App, device clicks selfie to monitor cholesterol

 App, device clicks selfie to monitor cholesterol

Scientists at Cornell University  have developed a new device which enables your smartphone’s camera to read your cholesterol level instantly – by clicking a selfie.

The gadget eliminates the need for clumsy, complicated, home cholesterol-testing devices.

Cornell University engineers claim the Smartphone Cholesterol Application for Rapid Diagnostics, or “smartCARD,” could save lives – by reading out cholesterol level in about a minute.

 

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When a user puts a drop of blood on the cholesterol test strip, it processes the blood through separation steps and chemical reactions.

The strip is then ready for colorimetric analysis by the smartphone application.

The smartphone accessory checks the cholesterol levels by detecting bio markers in the users sweat, blood or a drop of blood and comes with a compatible smartphone app. The application then checks the results based on colour analysis, according to the researchers.

The smartCARD accessory – which looks somewhat like a smartphone credit card reader – clamps over the phone’s camera.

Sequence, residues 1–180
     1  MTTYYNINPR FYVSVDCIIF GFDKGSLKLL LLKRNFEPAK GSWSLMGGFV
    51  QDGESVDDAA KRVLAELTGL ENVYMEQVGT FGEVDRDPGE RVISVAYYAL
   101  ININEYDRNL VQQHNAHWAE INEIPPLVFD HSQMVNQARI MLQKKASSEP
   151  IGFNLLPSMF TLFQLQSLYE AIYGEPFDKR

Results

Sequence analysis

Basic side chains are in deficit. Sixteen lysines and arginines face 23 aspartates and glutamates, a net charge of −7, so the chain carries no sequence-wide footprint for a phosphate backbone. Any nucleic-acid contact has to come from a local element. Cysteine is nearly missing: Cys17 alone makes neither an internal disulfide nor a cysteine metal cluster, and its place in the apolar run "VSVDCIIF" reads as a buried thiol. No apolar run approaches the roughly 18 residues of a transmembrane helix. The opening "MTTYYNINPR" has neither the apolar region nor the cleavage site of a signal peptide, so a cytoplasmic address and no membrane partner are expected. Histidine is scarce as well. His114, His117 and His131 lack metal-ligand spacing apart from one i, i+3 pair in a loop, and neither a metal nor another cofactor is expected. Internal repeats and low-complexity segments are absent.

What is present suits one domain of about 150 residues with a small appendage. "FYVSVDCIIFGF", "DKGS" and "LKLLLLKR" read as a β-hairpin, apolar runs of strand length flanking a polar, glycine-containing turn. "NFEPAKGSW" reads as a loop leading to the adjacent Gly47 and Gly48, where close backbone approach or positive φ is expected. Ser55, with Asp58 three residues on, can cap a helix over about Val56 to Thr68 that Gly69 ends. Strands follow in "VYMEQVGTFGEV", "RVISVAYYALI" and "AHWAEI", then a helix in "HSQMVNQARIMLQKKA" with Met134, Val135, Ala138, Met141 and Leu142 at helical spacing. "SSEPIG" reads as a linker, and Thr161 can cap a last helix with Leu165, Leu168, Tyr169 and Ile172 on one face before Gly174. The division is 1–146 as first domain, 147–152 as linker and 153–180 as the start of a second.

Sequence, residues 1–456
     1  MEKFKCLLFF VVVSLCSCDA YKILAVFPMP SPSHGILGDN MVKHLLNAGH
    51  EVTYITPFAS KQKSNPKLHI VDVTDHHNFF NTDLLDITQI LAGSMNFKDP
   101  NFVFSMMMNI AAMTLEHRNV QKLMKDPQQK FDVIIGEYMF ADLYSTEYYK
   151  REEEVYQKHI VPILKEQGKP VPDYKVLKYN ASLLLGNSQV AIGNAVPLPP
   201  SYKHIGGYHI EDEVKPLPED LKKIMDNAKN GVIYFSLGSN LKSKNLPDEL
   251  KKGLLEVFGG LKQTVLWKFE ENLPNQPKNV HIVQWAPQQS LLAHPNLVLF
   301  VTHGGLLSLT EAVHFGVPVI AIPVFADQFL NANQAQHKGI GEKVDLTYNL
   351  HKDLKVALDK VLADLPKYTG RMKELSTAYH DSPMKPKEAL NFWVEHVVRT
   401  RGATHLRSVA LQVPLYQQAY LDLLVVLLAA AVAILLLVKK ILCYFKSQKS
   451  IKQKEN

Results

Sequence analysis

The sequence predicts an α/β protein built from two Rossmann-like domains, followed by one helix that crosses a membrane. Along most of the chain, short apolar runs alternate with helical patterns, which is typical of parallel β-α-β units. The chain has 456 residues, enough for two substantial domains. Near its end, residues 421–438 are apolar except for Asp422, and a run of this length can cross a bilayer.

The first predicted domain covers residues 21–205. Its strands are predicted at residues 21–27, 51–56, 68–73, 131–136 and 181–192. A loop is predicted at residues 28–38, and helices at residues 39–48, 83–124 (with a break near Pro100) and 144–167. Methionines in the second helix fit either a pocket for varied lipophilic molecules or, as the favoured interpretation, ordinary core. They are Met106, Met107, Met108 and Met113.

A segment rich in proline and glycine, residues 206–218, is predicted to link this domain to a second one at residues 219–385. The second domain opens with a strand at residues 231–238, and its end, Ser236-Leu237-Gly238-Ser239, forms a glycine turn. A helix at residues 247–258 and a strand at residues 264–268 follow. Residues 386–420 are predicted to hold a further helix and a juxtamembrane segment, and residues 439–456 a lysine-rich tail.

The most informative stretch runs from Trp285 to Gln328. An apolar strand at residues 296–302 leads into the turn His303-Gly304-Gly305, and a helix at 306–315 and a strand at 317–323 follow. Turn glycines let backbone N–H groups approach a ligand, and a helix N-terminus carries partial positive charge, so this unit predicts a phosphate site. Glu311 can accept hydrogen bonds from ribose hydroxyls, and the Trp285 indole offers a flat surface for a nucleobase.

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Its built-in flash provides uniform, diffused light to illuminate the test strip that fits into the smartCARD reader.

 

The application in the phone calibrates the hue saturation to the image’s colour values on the cholesterol test strip, and the results appear on your phone.

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Currently, the test measures total cholesterol. The Erickson lab is working to break out those numbers in LDL (“bad” cholesterol), HDL (“good” cholesterol) and triglyceride measurements.

 

David Erickson, Cornell associate professor of mechanical engineering, tests the smartCARD, which uses an application system to read cholesterol levels in about a minute.

David Erickson, Cornell associate professor of mechanical engineering, tests the smartCARD, which uses an application system to read cholesterol levels in about a minute.

The lab is also working on detecting vitamin D levels, and has previously demonstrated smartphone tests for periodontitis and sweat electrolyte levels.